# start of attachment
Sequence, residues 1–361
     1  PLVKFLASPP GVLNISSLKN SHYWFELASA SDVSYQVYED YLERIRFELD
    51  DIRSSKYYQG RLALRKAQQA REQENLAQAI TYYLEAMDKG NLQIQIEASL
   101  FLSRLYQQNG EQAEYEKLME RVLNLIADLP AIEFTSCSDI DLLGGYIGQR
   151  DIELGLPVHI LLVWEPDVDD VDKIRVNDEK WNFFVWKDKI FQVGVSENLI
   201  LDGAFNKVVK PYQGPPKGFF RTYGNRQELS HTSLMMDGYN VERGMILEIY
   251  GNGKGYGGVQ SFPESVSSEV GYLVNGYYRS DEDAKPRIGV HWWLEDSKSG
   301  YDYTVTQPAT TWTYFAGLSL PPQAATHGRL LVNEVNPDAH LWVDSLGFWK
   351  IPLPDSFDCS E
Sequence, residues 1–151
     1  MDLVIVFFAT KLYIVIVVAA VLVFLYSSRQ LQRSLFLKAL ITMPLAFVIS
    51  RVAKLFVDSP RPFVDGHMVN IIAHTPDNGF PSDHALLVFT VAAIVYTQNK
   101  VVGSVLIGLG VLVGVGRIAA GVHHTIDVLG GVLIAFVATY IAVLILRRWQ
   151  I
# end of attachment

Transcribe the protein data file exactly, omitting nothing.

Sequence, residues 1–361
     1  PLVKFLASPP GVLNISSLKN SHYWFELASA SDVSYQVYED YLERIRFELD
    51  DIRSSKYYQG RLALRKAQQA REQENLAQAI TYYLEAMDKG NLQIQIEASL
   101  FLSRLYQQNG EQAEYEKLME RVLNLIADLP AIEFTSCSDI DLLGGYIGQR
   151  DIELGLPVHI LLVWEPDVDD VDKIRVNDEK WNFFVWKDKI FQVGVSENLI
   201  LDGAFNKVVK PYQGPPKGFF RTYGNRQELS HTSLMMDGYN VERGMILEIY
   251  GNGKGYGGVQ SFPESVSSEV GYLVNGYYRS DEDAKPRIGV HWWLEDSKSG
   301  YDYTVTQPAT TWTYFAGLSL PPQAATHGRL LVNEVNPDAH LWVDSLGFWK
   351  IPLPDSFDCS E
Sequence, residues 1–151
     1  MDLVIVFFAT KLYIVIVVAA VLVFLYSSRQ LQRSLFLKAL ITMPLAFVIS
    51  RVAKLFVDSP RPFVDGHMVN IIAHTPDNGF PSDHALLVFT VAAIVYTQNK
   101  VVGSVLIGLG VLVGVGRIAA GVHHTIDVLG GVLIAFVATY IAVLILRRWQ
   151  I